PMCCPMCCPMCC

Search tips
Search criteria 

Advanced

 
Logo of molcellbPermissionsJournals.ASM.orgJournalMCB ArticleJournal InfoAuthorsReviewers
 
Mol Cell Biol. Sep 1990; 10(9): 4701–4711.
PMCID: PMC361065
Expression of the neurotransmitter-synthesizing enzyme glutamic acid decarboxylase in male germ cells.
H Persson, M Pelto-Huikko, M Metsis, O Söder, S Brene, S Skog, T Hökfelt, and E M Ritzén
Department of Medical Chemistry, Karolinska Institute, Stockholm, Sweden.
Abstract
The gene encoding glutamic acid decarboxylase (GAD), the key enzyme in the synthesis of the inhibitory neurotransmitter gamma-aminobutyric acid, is shown to be expressed in the testis of several different species. Nucleotide sequence analysis of a cDNA clone isolated from the human testis confirmed the presence of GAD mRNA in the testis. The major GAD mRNA in the testis was 2.5 kilobases. Smaller amounts of a 3.7-kilobase mRNA with the same size as GAD mRNA in the brain was also detected in the testis. In situ hybridization using a GAD-specific probe revealed GAD mRNA expressing spermatocytes and spermatids located in the middle part of rat seminiferous tubules. Studies on the ontogeny of GAD mRNA expression showed low levels of GAD mRNA in testes of prepubertal rats, with increasing levels as sexual maturation is reached, compatible with GAD mRNA expression in germ cells. In agreement with this, fractionation of cells from the rat seminiferous epithelium followed by Northern (RNA) blot analysis showed the highest levels of GAD mRNA associated with spermatocytes and spermatids. Evidence for the presence of GAD protein in the rat testis was obtained from the demonstration of GAD-like immunoreactivity in seminiferous tubules, predominantly at a position where spermatids and spermatozoa are found. Furthermore, GAD-like immunoreactivity was seen in the midpiece of ejaculated human spermatozoa, the part that is responsible for generating energy for spermatozoan motility.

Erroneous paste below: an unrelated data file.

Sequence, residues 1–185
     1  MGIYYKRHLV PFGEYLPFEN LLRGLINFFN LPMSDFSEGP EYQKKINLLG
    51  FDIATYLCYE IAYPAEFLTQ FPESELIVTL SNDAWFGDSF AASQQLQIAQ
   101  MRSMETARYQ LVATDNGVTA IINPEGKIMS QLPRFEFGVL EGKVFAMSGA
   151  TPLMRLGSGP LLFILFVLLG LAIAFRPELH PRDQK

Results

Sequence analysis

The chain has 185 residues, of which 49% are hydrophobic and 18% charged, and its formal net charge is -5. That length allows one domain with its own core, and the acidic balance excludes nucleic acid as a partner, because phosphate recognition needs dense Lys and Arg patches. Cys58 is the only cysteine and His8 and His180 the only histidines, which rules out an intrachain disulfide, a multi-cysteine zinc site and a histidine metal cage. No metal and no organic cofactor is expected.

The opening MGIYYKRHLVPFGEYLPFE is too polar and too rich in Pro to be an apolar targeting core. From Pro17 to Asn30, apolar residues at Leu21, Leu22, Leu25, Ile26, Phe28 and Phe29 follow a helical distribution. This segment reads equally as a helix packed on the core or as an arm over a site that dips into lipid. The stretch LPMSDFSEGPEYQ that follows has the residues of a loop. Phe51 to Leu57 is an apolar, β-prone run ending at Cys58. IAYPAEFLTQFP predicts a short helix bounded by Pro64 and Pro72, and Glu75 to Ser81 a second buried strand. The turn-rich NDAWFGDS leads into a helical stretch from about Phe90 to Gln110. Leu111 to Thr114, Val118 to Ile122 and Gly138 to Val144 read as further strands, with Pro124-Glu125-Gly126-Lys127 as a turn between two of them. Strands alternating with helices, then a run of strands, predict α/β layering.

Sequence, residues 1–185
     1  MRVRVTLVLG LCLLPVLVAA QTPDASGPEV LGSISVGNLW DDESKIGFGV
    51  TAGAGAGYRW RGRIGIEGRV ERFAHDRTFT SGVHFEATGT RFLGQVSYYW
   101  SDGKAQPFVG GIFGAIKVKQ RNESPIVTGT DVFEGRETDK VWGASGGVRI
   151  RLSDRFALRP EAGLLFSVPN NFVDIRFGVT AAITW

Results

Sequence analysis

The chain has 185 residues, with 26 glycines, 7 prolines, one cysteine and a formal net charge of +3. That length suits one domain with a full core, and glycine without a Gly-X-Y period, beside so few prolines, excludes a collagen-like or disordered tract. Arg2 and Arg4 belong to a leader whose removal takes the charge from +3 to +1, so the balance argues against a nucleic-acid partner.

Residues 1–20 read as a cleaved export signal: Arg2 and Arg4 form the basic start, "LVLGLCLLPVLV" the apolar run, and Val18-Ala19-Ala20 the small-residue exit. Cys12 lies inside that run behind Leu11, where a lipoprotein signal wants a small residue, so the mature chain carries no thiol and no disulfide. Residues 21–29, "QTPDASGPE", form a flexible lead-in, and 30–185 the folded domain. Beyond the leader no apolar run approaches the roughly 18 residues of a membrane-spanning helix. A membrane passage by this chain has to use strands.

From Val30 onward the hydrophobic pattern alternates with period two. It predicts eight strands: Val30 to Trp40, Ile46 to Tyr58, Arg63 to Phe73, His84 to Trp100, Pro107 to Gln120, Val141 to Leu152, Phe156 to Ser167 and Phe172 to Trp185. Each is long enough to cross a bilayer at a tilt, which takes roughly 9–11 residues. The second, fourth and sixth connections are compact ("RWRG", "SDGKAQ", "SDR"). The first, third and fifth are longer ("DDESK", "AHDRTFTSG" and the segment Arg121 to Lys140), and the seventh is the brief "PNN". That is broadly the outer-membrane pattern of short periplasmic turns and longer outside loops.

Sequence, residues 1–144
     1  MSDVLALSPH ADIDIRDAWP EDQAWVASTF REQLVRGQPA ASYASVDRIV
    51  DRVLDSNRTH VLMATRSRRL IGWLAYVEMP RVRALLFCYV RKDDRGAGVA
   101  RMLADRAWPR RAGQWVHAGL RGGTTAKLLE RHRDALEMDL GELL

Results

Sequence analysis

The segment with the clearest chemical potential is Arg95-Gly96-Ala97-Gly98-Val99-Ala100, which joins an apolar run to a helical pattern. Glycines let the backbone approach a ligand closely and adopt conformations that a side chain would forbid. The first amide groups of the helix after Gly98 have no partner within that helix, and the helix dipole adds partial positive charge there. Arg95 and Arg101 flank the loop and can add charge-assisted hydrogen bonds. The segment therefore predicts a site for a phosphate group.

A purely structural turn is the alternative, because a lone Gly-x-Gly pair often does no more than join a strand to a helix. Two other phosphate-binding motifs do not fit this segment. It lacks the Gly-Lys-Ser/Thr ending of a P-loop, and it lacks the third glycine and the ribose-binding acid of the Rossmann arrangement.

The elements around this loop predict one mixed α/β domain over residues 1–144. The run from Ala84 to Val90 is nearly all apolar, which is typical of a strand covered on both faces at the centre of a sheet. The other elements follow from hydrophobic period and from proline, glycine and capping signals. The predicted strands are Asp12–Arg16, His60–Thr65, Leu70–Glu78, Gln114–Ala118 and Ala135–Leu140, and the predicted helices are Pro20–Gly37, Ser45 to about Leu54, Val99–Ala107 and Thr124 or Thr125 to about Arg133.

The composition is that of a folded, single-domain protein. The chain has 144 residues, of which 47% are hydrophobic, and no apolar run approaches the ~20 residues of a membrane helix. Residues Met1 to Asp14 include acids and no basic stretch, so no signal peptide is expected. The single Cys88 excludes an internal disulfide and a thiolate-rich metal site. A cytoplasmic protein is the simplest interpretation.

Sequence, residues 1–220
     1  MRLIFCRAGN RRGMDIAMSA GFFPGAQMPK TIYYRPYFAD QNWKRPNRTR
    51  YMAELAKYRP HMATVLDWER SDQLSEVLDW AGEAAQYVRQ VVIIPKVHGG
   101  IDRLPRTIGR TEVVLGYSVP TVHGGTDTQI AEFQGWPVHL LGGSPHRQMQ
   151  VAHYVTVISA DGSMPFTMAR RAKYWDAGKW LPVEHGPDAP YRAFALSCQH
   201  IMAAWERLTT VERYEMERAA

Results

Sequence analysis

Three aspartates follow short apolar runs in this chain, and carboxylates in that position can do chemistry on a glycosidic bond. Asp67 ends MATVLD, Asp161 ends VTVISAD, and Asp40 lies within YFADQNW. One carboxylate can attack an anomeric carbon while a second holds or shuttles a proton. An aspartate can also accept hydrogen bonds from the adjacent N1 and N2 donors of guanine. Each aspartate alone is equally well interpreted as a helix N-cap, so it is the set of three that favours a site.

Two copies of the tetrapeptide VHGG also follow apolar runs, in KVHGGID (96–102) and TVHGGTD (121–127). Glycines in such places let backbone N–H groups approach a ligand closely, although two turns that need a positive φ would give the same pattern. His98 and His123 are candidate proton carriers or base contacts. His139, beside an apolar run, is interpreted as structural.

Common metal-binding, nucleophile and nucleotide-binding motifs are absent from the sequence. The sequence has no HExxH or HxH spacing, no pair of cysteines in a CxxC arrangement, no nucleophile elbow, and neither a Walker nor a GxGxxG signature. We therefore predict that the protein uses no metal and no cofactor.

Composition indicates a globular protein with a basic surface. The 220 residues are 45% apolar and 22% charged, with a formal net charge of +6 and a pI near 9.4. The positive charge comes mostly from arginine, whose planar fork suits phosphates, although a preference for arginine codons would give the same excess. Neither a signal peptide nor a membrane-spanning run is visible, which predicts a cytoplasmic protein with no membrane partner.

Full text
Full text is available as a scanned copy of the original print version. Get a printable copy (PDF file) of the complete article (3.3M), or click on a page image below to browse page by page.
Articles from Molecular and Cellular Biology are provided here courtesy of
American Society for Microbiology (ASM)